Katsudon

Katsudon is basically a delicious pile of rice, breaded and fried pork, onion, and sauce all stuck together with egg. It’s downright amazing. Thank you Portugal for bringing frying to Japan!

KONBU-KATSUOBUSHI DASHI
Adapted from Japanese Hot Pots: Comforting One-Pot Meals

Ingredients
8 cups water
2 (6-inch) pieces konbu
1.5 oz. dried, shaved bonito (about 3 packed cups)

Equipment
Timer
Stock Pot, large enough to fit 8 cups and then some
Large Spoon with Holes
Tongs (optional, but convenient!)
Fine sieve (chinois) or cheesecloth

Dashi is that delicious base stock that is used in most all Japanese sauces. The sort I like to make is called Konbu-Katsuobushi Dashi, where konbu means kelp and katsuobushi means dried and smoked bonito (a fish related to tuna), and dashi, you guessed it, is stock or broth.

Place konbu in the bottom of a large stock pot and pour the water over top. Let this steep for 30 minutes. Now, place the stock pot over medium heat and bring to a boil. Once boiling, use your tongs or large spoon with holes to remove the konbu. Stir in the bonito. Decrease the heat to low and let it simmer for 5 minutes. While it simmers, use that spoon with holes to skim off any foam that comes to the surface. If you skip this step, you could end up with a really bitter broth. Now, turn off the heat and let it steep for 15 minutes. Strain the liquid through a chinois or cheesecloth.

Makes About 6 Cups.

TONKATSU
Adapted from About.com

Ingredients
4 boneless pork chops
1 large egg, beaten
1/2 – 1 cup panko
1/4 – 1/2 cup flour
2 c peanut oil
Salt & Black Pepper

Equipment
Large straight-sided, heavy skillet with tall sides
3 bowls for breading process
Plastic or glass cutting board (or bleach your wooden cutting board after putting raw pork on it!)
Small knife
Tongs
Paper towels
Thermometer with probe that goes up to 375ºF or so, preferably a digital one with a temperature alarm ($10-20 purchase that you’ll use over and over!)

Pour the peanut oil into the skillet and set it on the stove. Get your thermometer set up in the oil and turn the heat to medium.

Set up your dredging stations: One bowl with flour and salt, one with egg, and one with panko. Put your pork out onto your cutting board and use the small knife to poke holes in that meat! Now, each piece goes through the assembly line!

Flour, egg, then panko. Make sure to pat the panko on firmly.

Your oil is ready when it is up to 340ºF. Now, don’t just throw all of that breaded pork in at once! For one, the oil temperature will drop with each piece you put in, so it’s important to keep an eye on that thermometer screen. Use the tongs to hold each chop in the oil without touching the bottom for a second before dropping them in to prevent sticking. So long as the oil stays between 340ºF and 350ºF, keep adding it on in. If not, wait until the oil is back up to temp. If the oil gets too hot, turn the heat down.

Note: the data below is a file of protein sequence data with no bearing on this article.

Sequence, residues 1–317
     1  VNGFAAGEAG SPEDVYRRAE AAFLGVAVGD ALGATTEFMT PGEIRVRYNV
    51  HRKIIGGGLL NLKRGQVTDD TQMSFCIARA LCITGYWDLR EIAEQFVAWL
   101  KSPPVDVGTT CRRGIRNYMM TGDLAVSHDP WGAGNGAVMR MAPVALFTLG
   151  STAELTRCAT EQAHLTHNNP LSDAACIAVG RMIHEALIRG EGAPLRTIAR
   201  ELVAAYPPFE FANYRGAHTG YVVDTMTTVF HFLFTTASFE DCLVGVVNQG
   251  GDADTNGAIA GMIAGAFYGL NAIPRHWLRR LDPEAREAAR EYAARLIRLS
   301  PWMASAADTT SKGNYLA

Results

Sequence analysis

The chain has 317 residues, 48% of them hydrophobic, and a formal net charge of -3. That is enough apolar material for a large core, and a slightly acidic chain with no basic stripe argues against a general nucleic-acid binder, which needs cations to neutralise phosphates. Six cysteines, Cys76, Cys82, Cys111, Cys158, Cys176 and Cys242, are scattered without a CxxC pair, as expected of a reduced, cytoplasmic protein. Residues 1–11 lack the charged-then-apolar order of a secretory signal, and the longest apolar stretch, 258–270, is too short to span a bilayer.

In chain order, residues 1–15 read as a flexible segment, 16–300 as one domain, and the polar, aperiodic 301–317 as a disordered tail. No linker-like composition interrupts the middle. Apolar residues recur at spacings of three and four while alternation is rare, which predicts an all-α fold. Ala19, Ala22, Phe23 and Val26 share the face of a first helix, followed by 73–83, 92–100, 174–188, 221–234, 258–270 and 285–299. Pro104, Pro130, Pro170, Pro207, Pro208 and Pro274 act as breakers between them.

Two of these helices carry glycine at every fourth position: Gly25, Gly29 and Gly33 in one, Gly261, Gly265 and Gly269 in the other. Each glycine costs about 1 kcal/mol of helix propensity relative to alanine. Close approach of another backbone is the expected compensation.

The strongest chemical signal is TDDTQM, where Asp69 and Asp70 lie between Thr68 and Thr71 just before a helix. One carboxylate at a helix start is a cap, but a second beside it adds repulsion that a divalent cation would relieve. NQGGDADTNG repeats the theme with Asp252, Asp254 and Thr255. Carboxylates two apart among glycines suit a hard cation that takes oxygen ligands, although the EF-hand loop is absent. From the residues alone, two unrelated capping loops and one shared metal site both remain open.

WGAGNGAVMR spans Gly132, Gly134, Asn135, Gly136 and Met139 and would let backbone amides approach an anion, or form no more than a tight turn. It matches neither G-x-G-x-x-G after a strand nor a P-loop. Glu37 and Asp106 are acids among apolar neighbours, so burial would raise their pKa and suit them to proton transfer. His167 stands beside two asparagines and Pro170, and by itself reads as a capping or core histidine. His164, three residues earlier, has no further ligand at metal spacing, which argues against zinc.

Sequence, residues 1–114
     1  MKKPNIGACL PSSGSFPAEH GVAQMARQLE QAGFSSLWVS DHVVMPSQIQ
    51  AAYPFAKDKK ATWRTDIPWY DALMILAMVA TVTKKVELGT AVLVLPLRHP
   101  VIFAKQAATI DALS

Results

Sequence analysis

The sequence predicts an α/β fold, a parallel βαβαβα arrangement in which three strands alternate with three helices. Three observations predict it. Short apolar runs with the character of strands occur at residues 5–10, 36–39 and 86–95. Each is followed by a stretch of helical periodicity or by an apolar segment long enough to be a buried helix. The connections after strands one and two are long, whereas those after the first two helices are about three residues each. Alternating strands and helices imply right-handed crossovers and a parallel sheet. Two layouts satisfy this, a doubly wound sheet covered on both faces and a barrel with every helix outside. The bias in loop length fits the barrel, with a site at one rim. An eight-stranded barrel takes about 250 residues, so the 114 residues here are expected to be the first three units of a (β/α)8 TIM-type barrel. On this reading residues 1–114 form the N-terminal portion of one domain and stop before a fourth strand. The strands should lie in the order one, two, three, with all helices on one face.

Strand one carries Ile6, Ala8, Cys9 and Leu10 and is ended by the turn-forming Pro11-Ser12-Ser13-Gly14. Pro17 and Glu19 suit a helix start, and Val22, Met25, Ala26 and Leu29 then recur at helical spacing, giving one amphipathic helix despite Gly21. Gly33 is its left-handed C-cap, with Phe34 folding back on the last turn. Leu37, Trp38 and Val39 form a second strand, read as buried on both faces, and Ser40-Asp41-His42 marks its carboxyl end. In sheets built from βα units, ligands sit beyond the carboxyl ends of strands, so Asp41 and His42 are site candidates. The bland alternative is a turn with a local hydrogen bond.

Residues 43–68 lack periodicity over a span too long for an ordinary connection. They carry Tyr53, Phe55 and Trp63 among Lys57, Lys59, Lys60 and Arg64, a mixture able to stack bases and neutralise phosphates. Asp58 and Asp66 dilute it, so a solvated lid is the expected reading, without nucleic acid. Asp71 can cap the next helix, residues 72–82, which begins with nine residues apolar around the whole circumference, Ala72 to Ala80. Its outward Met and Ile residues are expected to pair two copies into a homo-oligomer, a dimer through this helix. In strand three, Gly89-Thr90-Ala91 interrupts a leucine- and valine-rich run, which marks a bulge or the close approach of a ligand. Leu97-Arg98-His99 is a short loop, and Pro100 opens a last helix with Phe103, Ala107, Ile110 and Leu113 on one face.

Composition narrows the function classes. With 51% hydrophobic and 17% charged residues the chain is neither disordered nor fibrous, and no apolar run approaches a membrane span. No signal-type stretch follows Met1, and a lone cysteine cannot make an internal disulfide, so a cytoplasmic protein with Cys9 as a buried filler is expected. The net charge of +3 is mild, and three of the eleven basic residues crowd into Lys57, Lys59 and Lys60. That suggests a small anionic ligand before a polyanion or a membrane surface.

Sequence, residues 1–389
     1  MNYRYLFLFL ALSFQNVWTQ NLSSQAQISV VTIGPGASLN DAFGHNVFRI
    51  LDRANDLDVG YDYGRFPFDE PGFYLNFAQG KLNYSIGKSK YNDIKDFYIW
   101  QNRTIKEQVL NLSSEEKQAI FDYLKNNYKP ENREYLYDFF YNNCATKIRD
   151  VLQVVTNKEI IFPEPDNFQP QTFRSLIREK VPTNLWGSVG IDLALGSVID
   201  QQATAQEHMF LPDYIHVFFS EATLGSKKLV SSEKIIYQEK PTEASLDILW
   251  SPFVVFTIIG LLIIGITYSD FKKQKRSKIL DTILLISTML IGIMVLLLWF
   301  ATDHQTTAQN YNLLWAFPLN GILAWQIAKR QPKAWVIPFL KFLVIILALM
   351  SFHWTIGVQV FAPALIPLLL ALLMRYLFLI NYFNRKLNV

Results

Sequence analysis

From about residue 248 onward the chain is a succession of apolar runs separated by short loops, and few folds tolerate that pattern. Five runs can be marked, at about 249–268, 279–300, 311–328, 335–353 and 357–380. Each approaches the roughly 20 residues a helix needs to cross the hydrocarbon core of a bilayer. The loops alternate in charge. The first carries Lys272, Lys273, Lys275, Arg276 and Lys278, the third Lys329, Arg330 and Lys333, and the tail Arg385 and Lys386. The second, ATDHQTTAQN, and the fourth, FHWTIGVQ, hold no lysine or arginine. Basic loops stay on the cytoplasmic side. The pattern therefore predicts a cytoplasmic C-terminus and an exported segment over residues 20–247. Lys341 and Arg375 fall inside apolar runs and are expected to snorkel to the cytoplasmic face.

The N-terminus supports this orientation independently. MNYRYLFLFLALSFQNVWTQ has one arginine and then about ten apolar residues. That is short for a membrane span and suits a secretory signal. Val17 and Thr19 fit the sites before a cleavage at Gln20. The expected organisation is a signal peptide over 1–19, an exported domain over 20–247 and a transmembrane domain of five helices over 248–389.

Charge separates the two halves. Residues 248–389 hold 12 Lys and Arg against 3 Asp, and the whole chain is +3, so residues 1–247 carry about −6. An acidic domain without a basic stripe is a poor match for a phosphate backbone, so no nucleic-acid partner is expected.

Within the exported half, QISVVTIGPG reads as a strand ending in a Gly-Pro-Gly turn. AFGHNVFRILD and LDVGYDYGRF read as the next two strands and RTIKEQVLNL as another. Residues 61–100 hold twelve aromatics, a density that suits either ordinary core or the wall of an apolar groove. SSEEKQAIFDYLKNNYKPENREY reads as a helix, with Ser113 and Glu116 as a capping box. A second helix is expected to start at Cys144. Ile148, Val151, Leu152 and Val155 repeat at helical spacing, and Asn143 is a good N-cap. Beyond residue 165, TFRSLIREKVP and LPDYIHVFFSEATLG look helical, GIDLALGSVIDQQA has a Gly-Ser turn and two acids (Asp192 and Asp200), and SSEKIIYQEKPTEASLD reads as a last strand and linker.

Each side should fry for about 5 minutes. Pull finished pork chops out and let them drain on a paper towel-covered plate. If you’re going to eat that Tonkatsu straight, make sure you check the internal temperature (at least 145ºF) by inserting the thermometer probe into the fattest part of the meat. For Katsudon, though, a little underdone is alright. It will finish cooking in the next few steps:

KATSUDON
Adapted from About.com

Ingredients
1 1/2 cups medium-grain rice, uncooked
4 pieces tonkatsu, sliced into long strips
1 onion, thinly sliced
4 green onions, sifflet (cut super thin and on a bias)
1 1/4 cups dashi
1/3 cup Japanese soy sauce (lower salt content than Chinese or Korean, bottle should say “shoyu”)
2 tablespoons mirin (rice cooking wine, not rice vinegar!)
1 tablespoon sugar
4 eggs, beaten

Equipment
Rice cooker or a medium saucepan with a lid
Large saucepan with a lid
Cutting board
Chef knife
Fork or whisk
Measuring cups and spoons
Small bowls

Cook rice by the package instructions. Meanwhile, pour the dashi into the saucepan and heat over medium.

When simmering, add the soy sauce, mirin, and sugar and bring to a boil. Add onion and reduce to a simmer for a few minutes, until the onions are tender.

Then add in all of the tonkatsu and simmer for 5-10 minutes, until the pork is cooked through.

Now sprinkle on the green onion.

Pour the beaten eggs over.

Cover the pot, and take it all off of the heat.

You could also skip the lid and pop the whole pan into a 350°F oven to finish the egg. Serve over rice!

2 thoughts on “Katsudon

  1. Sounds delicious and easy enough to make. I ate this a few times in Japan, but kind of forgot about it. I will have to make it now! Thank you

  2. I’ve used Panko ever since you introduced it to me while making this dish on Morning Dew! Looks so yummy in your pics! Pls come down to SoCal and make it for us again! : )

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